Dream, Sleep, Connect

Rosemary Jenkinson
C21 Theatre Company
Naughton Studio, Lyric Theatre, Belfast

Maria Connolly and Richard Clements in Dream, Sleep, Connect
Richard Clements in Dream, Sleep, Connect
Maria Connolly and Richard Clements in Dream, Sleep, Connect

Targeting Brexit, the Irish border, Big Brother surveillance, Internet fraud and online dating apps, Rosemary Jenkinson’s Dream, Sleep, Connect at the Lyric Theatre, Belfast’s Naughton Studio deports itself with all the intermingled sharp absurdity and pointed topicality that is fast becoming a signature of her work.

With a playing time of around 70 minutes, it’s a swift but slight swipe at the insidious convenience of increasingly invasive technologies. Striving for relevance, it confounds its own ambitions with a painting-by-numbers scenario that too often relies on the personable performances of its two actors for effect.

Living with his mother, single for two years and dreaming of a more rewarding life outside of his programming duties for an American tech giant designing computer infrastructure to police the post-Brexit Irish border, Richard Clements’s 30-something Chris is a creature innocently in thrall to the arcane attractions of digital coding. And naïvely oblivious to its capacity for misuse.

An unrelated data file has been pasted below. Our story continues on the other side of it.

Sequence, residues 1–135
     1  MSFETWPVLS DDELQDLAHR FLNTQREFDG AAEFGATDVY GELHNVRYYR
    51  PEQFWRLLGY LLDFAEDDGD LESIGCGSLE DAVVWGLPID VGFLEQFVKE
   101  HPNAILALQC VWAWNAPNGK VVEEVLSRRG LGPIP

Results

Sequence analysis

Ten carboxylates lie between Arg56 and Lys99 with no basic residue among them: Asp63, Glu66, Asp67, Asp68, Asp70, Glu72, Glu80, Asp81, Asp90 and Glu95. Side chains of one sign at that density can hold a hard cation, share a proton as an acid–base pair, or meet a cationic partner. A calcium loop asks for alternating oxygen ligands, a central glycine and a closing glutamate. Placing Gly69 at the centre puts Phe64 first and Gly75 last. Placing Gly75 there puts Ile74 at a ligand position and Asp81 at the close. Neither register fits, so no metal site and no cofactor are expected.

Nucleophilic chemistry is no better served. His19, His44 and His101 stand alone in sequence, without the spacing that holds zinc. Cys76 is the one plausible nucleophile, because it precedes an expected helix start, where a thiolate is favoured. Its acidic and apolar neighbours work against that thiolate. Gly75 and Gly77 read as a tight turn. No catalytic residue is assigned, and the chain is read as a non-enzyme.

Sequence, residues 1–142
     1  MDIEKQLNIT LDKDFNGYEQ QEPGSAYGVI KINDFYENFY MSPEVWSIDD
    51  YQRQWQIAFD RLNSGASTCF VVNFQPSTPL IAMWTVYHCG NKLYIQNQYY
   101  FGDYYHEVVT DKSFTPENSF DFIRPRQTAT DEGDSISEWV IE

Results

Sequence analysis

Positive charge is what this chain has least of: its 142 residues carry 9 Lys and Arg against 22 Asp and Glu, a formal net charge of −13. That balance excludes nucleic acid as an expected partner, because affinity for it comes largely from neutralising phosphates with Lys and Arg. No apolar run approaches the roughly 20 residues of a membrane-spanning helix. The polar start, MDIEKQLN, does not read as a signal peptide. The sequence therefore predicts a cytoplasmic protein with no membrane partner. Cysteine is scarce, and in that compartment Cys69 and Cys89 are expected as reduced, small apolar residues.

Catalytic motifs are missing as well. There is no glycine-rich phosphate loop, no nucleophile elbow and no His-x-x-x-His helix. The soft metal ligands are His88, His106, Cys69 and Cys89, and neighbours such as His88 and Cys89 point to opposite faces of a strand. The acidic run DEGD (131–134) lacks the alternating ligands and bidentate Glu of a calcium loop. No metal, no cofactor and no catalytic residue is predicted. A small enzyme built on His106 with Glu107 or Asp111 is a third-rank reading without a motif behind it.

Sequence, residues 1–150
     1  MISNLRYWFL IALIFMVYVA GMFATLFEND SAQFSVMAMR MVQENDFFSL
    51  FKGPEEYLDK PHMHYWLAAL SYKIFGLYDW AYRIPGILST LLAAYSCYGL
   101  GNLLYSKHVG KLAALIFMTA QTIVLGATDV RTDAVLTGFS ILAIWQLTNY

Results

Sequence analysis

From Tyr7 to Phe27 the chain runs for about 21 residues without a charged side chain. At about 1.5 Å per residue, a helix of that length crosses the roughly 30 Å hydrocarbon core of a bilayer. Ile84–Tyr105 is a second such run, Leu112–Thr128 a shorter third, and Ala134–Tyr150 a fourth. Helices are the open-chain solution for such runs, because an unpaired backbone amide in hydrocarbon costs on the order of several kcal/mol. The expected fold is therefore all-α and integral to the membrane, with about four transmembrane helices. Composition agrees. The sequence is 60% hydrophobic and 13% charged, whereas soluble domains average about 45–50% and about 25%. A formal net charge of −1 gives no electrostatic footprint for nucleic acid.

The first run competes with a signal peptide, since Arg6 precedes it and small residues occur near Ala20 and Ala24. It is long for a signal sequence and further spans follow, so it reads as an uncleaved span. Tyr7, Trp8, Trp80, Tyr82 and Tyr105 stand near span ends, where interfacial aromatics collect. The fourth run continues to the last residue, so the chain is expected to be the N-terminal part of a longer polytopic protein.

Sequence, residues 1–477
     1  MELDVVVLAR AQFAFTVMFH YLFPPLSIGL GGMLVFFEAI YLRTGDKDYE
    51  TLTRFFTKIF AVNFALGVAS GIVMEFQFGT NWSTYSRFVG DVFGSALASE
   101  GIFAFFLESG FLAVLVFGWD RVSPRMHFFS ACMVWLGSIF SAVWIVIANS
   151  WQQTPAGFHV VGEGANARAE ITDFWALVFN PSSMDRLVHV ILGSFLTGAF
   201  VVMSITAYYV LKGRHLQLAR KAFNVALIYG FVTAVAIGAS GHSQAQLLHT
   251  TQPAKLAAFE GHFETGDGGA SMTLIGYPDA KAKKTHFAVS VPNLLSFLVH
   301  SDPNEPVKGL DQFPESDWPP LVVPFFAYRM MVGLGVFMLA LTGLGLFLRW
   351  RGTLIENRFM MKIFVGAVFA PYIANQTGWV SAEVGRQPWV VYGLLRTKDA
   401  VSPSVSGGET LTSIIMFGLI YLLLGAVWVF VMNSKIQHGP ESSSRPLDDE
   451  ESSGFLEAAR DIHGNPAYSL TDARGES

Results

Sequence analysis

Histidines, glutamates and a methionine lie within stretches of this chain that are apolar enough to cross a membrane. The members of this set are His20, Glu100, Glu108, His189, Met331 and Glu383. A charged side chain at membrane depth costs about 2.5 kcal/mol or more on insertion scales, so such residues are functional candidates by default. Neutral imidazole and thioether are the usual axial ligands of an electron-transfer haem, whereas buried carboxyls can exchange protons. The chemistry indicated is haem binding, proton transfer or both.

It’s a gob-smacking ignorance that hits home when he signs up to a dating app to find a partner for the imminent office party. It’s here where Jenkinson’s sense of purpose goes somewhat awry as more digital dilemmas than you can shake a USB stick at scroll virtually by on a conveyor belt of woes to unravel the play’s allusive title.

Jenkinson is at her best when scoring often stinging political points, at her weakest when she gives in to the easy comic opportunities afforded by more domestic concerns as Clements’s digital dogsbody deals with a paranoid female boss and two improbably immediate online dates—all dextrously achieved by Maria Connolly.

Stephen Kelly’s slick, straightforward direction keeps things moving at an engaging pace but seldom does more than scratch the surface of Jenkinson’s critique of an increasingly interconnected world. If, in the end, it’s all rather thin gruel, there remains a germ of an idea in need of greater nourishment and interrogation than here where serious intent is undercut by somewhat superficial comedy.

Reviewer: Michael Quinn

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